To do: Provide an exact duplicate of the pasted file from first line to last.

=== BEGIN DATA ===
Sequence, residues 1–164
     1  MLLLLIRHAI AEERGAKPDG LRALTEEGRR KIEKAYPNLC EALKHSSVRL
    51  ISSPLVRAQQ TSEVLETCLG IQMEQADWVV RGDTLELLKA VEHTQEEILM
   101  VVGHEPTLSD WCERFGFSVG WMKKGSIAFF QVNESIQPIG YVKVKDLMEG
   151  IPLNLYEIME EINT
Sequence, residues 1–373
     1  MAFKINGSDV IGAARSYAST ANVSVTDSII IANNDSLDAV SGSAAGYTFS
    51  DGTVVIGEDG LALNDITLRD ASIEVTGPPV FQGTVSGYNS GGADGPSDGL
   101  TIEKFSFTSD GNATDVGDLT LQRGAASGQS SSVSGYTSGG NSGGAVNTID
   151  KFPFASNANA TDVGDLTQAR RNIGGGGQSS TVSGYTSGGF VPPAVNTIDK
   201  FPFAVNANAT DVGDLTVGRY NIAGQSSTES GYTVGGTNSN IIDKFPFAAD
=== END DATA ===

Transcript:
Sequence, residues 1–164
     1  MLLLLIRHAI AEERGAKPDG LRALTEEGRR KIEKAYPNLC EALKHSSVRL
    51  ISSPLVRAQQ TSEVLETCLG IQMEQADWVV RGDTLELLKA VEHTQEEILM
   101  VVGHEPTLSD WCERFGFSVG WMKKGSIAFF QVNESIQPIG YVKVKDLMEG
   151  IPLNLYEIME EINT
Sequence, residues 1–373
     1  MAFKINGSDV IGAARSYAST ANVSVTDSII IANNDSLDAV SGSAAGYTFS
    51  DGTVVIGEDG LALNDITLRD ASIEVTGPPV FQGTVSGYNS GGADGPSDGL
   101  TIEKFSFTSD GNATDVGDLT LQRGAASGQS SSVSGYTSGG NSGGAVNTID
   151  KFPFASNANA TDVGDLTQAR RNIGGGGQSS TVSGYTSGGF VPPAVNTIDK
   201  FPFAVNANAT DVGDLTVGRY NIAGQSSTES GYTVGGTNSN IIDKFPFAAD